The main goal of our project is to show that the road from recipes to experiments was long, complex and fascinating; with stops and turns that needs investigating. The starting point of the road was the recipe format and the books of secrets. At the end we can find “experimental reports.” But what is really fascinating is what lies in between. Our investigation focus on the intermediate forms of recordings but also inquires into the process of disambiguation through which tacit knowledge embodied in the recipes was gradually spelled out, tried, tested, reformulated and transformed. We call this process “enactment”.


Enactment is a process of progressive disambiguation of tacit knowledge encoded in a recipe. It is a complex process which includes a number of components. There is, first, the reading and the understanding of a recipe, a gradual process, extremely context-dependent. Then, enactment presupposes imagining experimental set-ups, imagining ways to spell out the tacit knowledge embodied in the recipes, imagining ways of “improving” the recipe, devising the trial and assessing the result, changing and adapting the material conditions, introducing new elements, devising material and conceptual instruments to tackle the phenomenon under investigation. Thus, enacting a recipe has a creative component, it exercises both the imagination and the judgment of the reader (and of the experimenter), it tests the expertise of the actor performing it and it is, therefore, highly context-dependent.

In order to enact a recipe, the reader has to recover some of the tacit knowledge embodied in it. In fact, recipes contain several layers of secrets. In some cases the secret unfolds only to those with a special training; in other cases, the secret is revealed in the process of enactment; finally, in other cases it lies in the result. Furthermore, enacting recipes is something which depends on and varies according to the skills, the knowledge and the training of the reader. Nonetheless, it will take the  reader/enactor/experimenter to execute the instructions of the recipe again and again in order to establish causal correlations, eliminate, as much as possible, the sources of error, stabilize the entire process, and ensure the repeatability and predictability of the results.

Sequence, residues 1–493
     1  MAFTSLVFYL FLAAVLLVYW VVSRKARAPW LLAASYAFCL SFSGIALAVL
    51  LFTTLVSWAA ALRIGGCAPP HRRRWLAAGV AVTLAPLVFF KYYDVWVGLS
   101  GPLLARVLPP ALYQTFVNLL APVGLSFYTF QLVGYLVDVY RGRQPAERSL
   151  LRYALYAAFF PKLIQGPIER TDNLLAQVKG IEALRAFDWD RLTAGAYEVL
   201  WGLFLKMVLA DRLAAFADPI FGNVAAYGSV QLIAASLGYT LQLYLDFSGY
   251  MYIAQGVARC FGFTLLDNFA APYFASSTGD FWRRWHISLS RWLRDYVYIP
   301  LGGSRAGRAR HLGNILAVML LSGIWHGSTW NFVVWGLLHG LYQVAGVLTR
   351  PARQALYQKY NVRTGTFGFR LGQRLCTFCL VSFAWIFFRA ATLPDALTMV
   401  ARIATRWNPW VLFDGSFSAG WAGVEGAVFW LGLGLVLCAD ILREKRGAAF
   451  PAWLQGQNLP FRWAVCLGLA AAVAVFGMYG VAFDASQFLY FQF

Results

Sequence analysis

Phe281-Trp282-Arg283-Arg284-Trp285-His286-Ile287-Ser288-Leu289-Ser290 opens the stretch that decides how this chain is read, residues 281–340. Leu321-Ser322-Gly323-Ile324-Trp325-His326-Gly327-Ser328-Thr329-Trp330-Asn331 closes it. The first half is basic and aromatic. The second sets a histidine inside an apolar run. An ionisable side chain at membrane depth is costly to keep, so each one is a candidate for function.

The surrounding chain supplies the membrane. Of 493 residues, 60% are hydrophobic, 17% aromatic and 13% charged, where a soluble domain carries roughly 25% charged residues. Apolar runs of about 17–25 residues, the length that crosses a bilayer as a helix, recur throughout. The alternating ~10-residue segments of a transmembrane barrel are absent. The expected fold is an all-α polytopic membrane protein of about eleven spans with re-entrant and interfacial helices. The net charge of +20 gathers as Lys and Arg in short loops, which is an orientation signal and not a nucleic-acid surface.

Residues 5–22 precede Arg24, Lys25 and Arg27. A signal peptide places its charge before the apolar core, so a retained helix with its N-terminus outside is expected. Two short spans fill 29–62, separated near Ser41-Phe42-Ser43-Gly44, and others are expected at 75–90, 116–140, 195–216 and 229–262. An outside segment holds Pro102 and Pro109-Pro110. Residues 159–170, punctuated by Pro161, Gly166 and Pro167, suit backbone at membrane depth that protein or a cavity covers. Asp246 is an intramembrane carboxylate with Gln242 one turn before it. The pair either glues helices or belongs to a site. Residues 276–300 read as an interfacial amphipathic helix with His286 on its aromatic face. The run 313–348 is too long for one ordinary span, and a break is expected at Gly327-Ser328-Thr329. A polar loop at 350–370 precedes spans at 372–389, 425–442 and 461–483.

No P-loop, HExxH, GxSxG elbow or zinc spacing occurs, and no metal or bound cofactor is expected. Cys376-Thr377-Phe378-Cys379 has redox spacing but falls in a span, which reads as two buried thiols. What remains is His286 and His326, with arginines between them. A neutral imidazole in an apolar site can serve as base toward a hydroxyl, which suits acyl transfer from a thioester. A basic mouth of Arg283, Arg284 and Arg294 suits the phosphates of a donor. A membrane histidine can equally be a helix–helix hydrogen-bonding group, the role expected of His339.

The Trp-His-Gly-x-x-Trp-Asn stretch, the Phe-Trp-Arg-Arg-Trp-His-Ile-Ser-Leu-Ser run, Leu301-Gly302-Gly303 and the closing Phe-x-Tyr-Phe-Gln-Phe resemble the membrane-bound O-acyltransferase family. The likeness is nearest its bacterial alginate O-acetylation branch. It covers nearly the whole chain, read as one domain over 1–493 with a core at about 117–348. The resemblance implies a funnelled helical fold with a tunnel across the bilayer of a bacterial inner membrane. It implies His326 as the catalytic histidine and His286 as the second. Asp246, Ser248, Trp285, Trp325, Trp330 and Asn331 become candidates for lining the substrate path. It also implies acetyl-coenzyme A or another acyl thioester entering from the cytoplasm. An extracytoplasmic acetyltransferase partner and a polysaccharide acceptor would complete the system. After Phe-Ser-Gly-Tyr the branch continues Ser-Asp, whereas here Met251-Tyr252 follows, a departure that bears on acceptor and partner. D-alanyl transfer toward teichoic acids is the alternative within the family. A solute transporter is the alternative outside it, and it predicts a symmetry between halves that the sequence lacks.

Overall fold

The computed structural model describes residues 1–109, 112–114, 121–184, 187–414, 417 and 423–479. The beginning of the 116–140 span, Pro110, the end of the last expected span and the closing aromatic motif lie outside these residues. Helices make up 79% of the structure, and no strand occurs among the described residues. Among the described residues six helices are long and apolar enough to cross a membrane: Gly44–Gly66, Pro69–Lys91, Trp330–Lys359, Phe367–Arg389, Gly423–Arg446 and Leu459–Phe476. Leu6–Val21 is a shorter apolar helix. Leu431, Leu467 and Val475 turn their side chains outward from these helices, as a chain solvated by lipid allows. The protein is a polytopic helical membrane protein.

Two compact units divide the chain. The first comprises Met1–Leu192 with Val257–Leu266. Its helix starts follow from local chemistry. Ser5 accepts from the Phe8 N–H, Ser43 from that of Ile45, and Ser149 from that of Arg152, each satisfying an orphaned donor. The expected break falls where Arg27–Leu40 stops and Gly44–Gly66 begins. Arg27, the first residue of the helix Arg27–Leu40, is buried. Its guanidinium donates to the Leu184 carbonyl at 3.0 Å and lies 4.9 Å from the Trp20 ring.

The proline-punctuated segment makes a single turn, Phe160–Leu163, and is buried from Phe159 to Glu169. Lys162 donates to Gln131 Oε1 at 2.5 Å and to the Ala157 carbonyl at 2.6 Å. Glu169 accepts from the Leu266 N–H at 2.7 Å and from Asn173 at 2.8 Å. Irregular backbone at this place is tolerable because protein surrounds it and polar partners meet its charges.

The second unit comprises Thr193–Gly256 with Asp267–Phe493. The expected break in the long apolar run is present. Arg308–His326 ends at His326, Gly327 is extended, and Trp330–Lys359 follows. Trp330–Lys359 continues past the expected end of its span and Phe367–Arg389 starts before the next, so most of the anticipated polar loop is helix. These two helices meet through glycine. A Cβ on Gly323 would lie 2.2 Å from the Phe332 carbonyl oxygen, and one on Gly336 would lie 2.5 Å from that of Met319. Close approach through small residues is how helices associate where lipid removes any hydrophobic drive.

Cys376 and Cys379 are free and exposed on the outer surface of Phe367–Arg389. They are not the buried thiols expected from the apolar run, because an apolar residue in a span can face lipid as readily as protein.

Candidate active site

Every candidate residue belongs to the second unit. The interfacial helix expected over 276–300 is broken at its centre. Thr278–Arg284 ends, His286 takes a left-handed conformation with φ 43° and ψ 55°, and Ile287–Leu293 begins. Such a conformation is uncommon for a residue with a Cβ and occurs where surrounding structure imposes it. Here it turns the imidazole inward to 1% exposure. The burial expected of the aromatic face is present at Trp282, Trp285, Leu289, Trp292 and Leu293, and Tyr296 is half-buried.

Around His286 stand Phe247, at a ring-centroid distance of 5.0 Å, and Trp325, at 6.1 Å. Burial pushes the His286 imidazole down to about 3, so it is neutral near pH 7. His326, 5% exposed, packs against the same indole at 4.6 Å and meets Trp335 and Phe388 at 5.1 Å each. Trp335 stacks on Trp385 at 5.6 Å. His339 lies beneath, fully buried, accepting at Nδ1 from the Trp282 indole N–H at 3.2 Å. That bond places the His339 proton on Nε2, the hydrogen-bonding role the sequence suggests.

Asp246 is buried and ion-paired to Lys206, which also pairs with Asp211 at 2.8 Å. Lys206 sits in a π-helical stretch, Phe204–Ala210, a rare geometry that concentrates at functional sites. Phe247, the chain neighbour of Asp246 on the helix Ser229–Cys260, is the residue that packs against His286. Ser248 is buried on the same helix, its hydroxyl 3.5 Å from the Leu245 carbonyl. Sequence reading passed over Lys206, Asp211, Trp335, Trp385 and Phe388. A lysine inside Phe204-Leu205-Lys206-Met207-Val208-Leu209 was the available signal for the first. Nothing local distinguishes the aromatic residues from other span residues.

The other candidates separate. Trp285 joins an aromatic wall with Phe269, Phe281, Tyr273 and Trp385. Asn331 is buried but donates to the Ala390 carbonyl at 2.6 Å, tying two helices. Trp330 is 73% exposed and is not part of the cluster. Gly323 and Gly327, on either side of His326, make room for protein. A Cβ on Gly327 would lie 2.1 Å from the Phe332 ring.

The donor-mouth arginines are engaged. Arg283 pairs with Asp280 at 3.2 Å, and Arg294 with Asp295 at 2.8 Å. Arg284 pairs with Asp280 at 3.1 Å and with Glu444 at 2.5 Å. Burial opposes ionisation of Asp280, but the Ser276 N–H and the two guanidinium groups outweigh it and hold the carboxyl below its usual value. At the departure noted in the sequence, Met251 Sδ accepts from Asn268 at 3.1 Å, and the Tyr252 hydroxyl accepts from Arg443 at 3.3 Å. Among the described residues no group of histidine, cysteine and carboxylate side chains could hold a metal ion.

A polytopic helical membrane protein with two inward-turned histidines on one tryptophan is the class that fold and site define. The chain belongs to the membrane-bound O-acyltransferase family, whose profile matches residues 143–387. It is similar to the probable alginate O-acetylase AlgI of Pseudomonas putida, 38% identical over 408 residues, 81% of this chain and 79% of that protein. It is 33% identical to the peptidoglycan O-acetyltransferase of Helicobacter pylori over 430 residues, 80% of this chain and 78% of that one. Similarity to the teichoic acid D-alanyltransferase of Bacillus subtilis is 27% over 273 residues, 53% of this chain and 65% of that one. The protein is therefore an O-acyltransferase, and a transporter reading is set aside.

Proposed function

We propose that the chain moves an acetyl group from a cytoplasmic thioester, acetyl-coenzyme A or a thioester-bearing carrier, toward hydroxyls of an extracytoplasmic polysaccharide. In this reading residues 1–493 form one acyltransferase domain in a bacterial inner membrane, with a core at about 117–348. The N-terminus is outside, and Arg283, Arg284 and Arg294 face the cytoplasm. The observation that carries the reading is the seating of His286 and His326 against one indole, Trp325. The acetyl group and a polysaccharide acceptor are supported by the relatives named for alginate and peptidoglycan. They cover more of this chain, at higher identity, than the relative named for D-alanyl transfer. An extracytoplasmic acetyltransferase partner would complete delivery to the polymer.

Our claim is that through enactment, early modern investigators of nature transformed received recipes into two different kinds of products, with different functions in the structures of knowledge. One of these products is what we call “technology.”

We take “technology” to be descriptive for a particular kind of enacting and recording recipes in view of producing new (and sometimes miraculous) objects. This led to experimentation of a particular kind: experimentation directed towards spelling out the tacit knowledge embodied in the recipe, clarifying the desired result, stabilize the procedure of enactment so that the result would be obtained at each trial and – most importantly – find ways of recording that would make the technology transparent to the reader. We intend to investigate several such early modern technologies (of cider making, of distillation, of sounds, etc.). We will show that they are not scientific experiments; in fact, technologies are the very opposite of scientific experiments. By contrast to scientific experimentation, which also began with recipes and enactment, but in the process of enactment several open-ended questions directed the inquiry away from the envisaged result of the recipe (such as “why” and “how”), technologies encapsulate and codify practical knowledge; and sometimes they also produce theoretical knowledge; but it is a particular kind of applied knowledge, knowledge with expected results.

Goals and activities

A key goal of our project is to define and exemplify forms and strategies of enacting recipes in early modern philosophy and the sciences. We intend to investigate a large corpus of texts belonging to different early modern disciplines in an attempt to unveil and clarify the successive steps of enacting recipes in particular experimental contexts (the corpus contains works by Francis Bacon, William Gilbert, Hugh Platt, Thomas Browne, John Barlow, Henry Power, John Evelyn, Kenelm Digby and Robert Boyle). We aim to clarify and classify  forms and strategies of enactment and introduce this subject into the current discussions in both history and philosophy of science and we will do that by bridging the gaps between textual analysis of records, material practices, and reconstructions.

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